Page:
While US President Donald Trump continued to lash out against the impeachment inquiry that’s rapidly moving towards a vote, he took time out Friday to question why China, which has “plenty of money”, continues to get World Bank loans meant for less developed economies.
“Why is the World Bank loaning money to China? Can this be possible? China has plenty of money, and if they don’t, they create it. STOP!” the president wrote on Twitter.
The World Bank, whose president David Malpass is a former Trump administration official, had on Thursday cleared between $1 billion and $1.5 billion in low-interest loans to China, which caught Trump’s attention. His administration has been pushing the world body to discontinue loans to China saying, as Trump restated, it does not need them.
The World Bank agrees in principle and said in a statement to Reuters that “lending to China has fallen sharply and will continue to reduce”.
Trump remained focussed mainly — apart from the shooting at a naval facility in Florida — on the impeachment inquiry, tweeting and retweeting its criticism and of Democratic leaders behind it, Speaker Nancy Pelosi, intelligence committee chairman Adam Schiff and judiciary committee chairman Gerold Nadler.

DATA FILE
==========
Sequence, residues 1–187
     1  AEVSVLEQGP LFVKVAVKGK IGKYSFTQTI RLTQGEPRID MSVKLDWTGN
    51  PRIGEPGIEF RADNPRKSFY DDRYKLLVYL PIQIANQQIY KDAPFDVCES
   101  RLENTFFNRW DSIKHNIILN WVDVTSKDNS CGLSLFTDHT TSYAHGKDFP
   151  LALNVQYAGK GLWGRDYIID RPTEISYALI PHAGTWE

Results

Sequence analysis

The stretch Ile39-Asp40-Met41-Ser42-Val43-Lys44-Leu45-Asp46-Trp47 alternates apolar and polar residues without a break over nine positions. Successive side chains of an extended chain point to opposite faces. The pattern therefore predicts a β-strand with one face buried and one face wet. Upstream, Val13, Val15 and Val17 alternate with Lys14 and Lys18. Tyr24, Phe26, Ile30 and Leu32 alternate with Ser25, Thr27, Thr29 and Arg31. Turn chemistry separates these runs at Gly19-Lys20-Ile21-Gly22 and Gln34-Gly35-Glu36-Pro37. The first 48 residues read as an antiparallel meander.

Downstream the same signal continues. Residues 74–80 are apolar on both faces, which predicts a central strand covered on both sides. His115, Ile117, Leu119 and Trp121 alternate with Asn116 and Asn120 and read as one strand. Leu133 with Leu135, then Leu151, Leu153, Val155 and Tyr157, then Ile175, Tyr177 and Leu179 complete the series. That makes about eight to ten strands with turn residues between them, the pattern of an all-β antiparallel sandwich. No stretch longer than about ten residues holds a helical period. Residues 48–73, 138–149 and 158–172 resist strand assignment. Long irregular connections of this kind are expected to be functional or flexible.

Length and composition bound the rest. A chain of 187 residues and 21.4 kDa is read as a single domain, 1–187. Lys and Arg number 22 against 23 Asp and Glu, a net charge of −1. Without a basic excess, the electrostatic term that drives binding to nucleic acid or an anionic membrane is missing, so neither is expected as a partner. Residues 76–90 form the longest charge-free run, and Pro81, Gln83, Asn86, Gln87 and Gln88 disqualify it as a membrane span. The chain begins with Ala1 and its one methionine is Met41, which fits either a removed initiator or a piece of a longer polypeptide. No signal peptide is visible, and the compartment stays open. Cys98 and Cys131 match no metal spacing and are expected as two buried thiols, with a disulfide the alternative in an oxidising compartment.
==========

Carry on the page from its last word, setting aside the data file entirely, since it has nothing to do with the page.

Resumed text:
Calling the inquiry “completely baseless” Trump’s counsel Pat Cipollone told the House judiciary committee on Friday that he will not not be participating in a hearing scheduled for Monday, continuing the White House non-cooperation with the probe, which is speedily moving towards a vote and impeachment.
“Having declined this opportunity, the President cannot claim that the process is unfair,” Nadler said in a statement.
“The President’s failure will not prevent us from carrying out our solemn constitutional duty.”
House Democrats are drafting articles of impeachment — a sort of indictment listing charges — against the President, with the plan to advance it for a full vote of the House of Representatives before Christmas to recommend his impeachment, which it will, given its Democratic majority.
But his removal from office, or not, will be determined by the Senate, which is controlled by the Republicans, and a substantial number of them must vote in favour of his impeachment to remove him, and that doesn’t look likely.